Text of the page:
Well-Pled Allegations are a Requirement to Expand the Scope of Plaintiff eDiscovery
How well-pled are your allegations? Do they justify the scope of electronic discovery you are seeking?
In a district court order dated March 5, 2013 in the case US ex rel. King, et al. v. Solvay, Civil Action No. H-06-2662 (S.D.Tx 2013), the crux of a qui tam complaint was that wrongdoing took place through December 31, 2007. However, Relators sought electronic discovery through the present day. This complaint also sparked an investigation by the Attorneys General of Texas and Virginia, who then subpoenaed documents from the defendant. However, defendant Solvay only acquired the company that was accused of wrongdoing in 2010.
In seeking to limit the scope of the eDiscovery requests, Solvay argued that:
- The discovery obligations should only be through the allegations contained in the complaint, or December 31, 2007;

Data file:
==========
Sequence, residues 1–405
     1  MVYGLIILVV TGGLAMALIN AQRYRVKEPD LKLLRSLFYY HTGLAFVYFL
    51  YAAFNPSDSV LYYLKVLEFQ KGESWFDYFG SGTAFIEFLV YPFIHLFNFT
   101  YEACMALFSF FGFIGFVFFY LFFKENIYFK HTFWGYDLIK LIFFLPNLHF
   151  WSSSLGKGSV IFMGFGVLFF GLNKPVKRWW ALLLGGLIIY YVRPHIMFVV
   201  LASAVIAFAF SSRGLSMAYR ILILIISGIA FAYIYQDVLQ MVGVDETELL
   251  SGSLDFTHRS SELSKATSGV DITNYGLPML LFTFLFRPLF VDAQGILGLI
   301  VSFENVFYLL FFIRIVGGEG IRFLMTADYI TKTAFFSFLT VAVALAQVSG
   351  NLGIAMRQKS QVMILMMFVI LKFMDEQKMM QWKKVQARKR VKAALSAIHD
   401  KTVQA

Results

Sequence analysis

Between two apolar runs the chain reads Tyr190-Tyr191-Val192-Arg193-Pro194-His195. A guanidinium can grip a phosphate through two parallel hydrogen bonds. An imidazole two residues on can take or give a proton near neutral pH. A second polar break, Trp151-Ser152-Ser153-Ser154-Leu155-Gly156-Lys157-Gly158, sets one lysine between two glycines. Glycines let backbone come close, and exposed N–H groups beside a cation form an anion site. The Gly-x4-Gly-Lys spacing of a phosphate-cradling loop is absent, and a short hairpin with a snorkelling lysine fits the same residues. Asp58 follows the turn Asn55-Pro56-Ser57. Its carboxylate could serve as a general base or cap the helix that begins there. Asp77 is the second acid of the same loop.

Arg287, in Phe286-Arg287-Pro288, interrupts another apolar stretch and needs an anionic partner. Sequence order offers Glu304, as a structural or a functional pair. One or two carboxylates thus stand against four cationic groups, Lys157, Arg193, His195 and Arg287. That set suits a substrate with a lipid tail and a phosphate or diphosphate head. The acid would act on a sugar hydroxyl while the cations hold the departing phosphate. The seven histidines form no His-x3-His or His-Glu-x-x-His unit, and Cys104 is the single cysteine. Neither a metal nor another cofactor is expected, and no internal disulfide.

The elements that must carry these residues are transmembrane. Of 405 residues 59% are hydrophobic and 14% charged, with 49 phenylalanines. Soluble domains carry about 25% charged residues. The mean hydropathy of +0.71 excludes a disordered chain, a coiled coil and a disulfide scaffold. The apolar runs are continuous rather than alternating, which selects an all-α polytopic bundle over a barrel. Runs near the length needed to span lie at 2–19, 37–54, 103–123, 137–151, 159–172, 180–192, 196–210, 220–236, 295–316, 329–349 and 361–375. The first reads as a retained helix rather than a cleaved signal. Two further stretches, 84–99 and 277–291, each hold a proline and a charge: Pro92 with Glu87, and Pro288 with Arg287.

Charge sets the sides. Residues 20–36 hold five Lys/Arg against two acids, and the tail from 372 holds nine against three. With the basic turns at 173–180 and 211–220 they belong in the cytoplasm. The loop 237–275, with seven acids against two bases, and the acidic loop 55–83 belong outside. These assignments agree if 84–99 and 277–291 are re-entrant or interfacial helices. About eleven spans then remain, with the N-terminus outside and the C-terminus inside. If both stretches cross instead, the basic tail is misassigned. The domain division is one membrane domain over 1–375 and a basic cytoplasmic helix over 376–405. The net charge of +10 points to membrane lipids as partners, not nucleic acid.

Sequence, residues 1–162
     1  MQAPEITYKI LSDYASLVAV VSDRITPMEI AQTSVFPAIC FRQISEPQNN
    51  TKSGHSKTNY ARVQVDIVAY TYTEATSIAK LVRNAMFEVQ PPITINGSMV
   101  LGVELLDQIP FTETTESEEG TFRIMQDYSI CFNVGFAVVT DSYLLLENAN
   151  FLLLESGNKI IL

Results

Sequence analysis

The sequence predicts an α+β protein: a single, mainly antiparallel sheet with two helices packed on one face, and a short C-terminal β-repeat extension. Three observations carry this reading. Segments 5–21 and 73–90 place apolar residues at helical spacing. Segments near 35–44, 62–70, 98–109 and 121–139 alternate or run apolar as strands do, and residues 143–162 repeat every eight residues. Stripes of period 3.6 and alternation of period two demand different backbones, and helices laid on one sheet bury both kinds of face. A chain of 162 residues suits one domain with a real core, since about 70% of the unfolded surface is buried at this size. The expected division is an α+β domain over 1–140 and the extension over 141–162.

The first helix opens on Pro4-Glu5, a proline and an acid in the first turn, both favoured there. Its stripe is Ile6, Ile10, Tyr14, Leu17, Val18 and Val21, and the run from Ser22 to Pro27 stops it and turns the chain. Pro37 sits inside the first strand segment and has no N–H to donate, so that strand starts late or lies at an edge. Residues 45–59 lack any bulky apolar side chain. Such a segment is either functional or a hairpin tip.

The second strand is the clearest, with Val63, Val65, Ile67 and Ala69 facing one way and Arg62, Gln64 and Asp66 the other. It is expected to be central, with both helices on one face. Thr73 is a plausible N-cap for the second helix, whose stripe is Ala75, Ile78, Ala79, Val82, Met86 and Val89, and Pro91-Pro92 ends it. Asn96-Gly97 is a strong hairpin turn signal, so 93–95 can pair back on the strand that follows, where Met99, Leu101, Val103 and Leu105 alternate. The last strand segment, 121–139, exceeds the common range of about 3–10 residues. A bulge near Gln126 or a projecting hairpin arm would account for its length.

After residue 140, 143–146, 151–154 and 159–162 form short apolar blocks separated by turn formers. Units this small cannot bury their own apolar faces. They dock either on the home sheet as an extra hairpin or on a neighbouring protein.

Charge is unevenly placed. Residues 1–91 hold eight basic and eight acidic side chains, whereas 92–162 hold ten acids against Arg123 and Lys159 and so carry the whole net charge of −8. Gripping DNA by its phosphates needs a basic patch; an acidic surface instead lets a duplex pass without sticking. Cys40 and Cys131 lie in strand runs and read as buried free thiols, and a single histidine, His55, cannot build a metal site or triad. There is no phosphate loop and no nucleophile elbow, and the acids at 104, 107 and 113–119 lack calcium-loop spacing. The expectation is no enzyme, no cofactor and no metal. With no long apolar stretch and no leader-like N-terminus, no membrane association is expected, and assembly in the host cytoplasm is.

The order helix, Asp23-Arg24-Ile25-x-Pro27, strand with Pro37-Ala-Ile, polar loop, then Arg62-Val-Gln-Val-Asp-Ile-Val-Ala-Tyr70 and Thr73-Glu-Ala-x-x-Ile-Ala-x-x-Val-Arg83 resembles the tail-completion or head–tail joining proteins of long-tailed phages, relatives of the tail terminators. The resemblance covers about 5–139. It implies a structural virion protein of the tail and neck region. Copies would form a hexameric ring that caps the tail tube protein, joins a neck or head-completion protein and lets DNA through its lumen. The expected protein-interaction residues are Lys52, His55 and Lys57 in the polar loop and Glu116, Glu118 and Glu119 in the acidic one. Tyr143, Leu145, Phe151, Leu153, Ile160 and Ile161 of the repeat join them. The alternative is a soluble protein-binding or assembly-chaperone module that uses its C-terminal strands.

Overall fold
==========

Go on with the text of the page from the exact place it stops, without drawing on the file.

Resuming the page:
- They should not be required to preserve electronic data beyond February 7, 2008 (the end date for discovery of the last state subpoena served);
- They should not be required to preserve discovery for the period after it acquired the company, which was February 16, 2010.
Solvay also argued that the amount of data would constitute an additional 39 million emails, or 7,665 GB of data.
Relators pointed out that they pled that misconduct was ongoing “to the present.” However, this was only mentioned briefly in five general allegations, out of 768 paragraphs in a 267 page complaint.
The court held that, in the light of the meager allegations and extreme costs of the sought discovery, the additional production would be unduly burdensome. The court limited the scope of discovery to the time period relevant to the Relators’ complaint, or December 7, 2007, and agreed that Solvay need not preserve evidence after February 7, 2008 or to the present.
There is a lesson to plaintiffs here: if you want a broad scope of discovery, make sure you make specific and well-pled allegations inclusive of the time period you are seeking. General pleadings may not be enough to overcome the common argument that discovery production is unduly burdensome.